Capturing Offline Supply Chain Data is Key to Managing Launch Complexity

During the 1970s, our supply chains took a step forward as materials requirement planning systems allowed us to track inventory, order materials and schedule production. In the 1990s, we took another step forward as enterprise resource planning (ERP) software allowed us to manage end-to-end operations, from production to logistics to quality.

Sadly, these steps equated to little more than a crawl. ERP systems are broken and do not handle the complexity of today’s global supply chains. ERP systems capture a single linear Plan A that breaks as soon as variables change. Unfortunately for CEOs and supply chain leaders, most of the input data that goes into forming supply chain plans is offline. Data is stored in team members’ heads and spreadsheets, causing increased workload, analysis delays, and in some cases, supply disruption when change inevitably occurs. Leaders need to capture this invaluable supply chain input data and leverage it to make faster supply chain decisions that consider multiple launch plans so they can thrive no matter what changes in the world.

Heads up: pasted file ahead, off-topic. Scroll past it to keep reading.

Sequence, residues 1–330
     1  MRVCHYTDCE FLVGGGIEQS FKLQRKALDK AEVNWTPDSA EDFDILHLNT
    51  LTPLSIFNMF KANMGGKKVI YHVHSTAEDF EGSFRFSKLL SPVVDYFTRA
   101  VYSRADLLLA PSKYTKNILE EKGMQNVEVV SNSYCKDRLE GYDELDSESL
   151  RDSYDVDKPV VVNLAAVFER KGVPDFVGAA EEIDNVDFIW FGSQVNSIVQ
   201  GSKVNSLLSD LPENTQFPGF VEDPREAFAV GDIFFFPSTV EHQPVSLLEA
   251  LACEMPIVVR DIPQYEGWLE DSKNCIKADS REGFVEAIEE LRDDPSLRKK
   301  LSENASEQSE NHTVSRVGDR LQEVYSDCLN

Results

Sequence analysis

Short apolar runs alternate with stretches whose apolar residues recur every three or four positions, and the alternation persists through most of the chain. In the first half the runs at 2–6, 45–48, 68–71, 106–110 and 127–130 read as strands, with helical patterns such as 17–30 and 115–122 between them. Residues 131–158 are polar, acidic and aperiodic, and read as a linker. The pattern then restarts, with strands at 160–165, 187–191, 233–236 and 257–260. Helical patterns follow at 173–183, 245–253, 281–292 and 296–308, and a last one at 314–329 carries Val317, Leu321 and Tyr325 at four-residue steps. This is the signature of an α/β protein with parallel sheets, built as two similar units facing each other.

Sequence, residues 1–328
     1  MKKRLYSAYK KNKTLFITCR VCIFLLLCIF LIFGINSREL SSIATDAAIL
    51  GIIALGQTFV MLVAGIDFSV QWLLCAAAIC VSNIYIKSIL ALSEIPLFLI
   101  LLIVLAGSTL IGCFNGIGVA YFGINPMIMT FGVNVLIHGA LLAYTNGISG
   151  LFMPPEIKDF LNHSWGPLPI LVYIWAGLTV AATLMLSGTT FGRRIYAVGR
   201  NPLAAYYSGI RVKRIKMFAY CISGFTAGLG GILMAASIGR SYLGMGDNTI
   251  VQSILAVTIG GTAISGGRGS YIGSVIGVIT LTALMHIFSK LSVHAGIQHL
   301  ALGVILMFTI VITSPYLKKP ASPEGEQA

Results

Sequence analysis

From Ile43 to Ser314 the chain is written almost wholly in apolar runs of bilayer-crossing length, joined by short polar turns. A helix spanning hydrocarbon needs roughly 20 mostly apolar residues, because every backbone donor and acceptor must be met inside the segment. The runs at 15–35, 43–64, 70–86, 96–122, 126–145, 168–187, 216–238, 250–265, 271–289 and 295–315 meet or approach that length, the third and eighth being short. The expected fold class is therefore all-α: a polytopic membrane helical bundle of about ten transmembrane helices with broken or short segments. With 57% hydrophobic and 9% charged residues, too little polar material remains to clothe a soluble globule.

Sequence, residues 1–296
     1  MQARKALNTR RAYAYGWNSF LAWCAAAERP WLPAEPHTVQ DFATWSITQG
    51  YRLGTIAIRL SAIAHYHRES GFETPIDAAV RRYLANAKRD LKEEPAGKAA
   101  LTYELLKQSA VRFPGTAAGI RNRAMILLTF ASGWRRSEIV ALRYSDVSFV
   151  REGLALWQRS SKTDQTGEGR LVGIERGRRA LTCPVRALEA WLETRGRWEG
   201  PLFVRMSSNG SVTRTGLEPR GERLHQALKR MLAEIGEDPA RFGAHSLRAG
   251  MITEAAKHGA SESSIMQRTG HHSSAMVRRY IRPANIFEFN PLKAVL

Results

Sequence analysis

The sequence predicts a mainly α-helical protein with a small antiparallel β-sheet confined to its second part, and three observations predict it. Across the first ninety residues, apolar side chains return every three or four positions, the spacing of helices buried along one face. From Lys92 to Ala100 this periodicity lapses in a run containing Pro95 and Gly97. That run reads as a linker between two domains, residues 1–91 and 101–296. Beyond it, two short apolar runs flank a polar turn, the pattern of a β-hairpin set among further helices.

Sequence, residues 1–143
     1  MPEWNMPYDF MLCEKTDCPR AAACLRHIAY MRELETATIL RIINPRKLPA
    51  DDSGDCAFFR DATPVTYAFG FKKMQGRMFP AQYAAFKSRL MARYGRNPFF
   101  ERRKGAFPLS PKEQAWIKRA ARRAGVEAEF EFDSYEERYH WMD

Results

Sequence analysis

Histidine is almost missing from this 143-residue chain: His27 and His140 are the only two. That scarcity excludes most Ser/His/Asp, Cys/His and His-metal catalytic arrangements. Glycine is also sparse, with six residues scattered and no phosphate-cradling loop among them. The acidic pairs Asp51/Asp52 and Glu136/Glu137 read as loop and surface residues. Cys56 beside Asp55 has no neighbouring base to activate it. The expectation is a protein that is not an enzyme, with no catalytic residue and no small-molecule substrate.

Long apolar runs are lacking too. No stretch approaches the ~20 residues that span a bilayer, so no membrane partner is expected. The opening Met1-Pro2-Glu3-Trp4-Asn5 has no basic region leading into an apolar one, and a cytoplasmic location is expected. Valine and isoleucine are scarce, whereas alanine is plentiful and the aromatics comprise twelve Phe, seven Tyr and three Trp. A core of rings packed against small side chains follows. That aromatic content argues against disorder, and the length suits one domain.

Launch leaders separate themselves from laggards by their game plans and ability to manage change. Just as a talented group of college football players thrives under the right offensive game plan, so, too, do manufacturing professionals. Executing the right detailed game plan matters, since subassemblies are often complex engineered products that might contain dozens or even thousands of parts. The ability to adjust your game plan in the face of change is also key. Assembly parts range from purchased to modified to common off the shelf, all of which need to arrive at the right quality, cost, and time to launch production on time.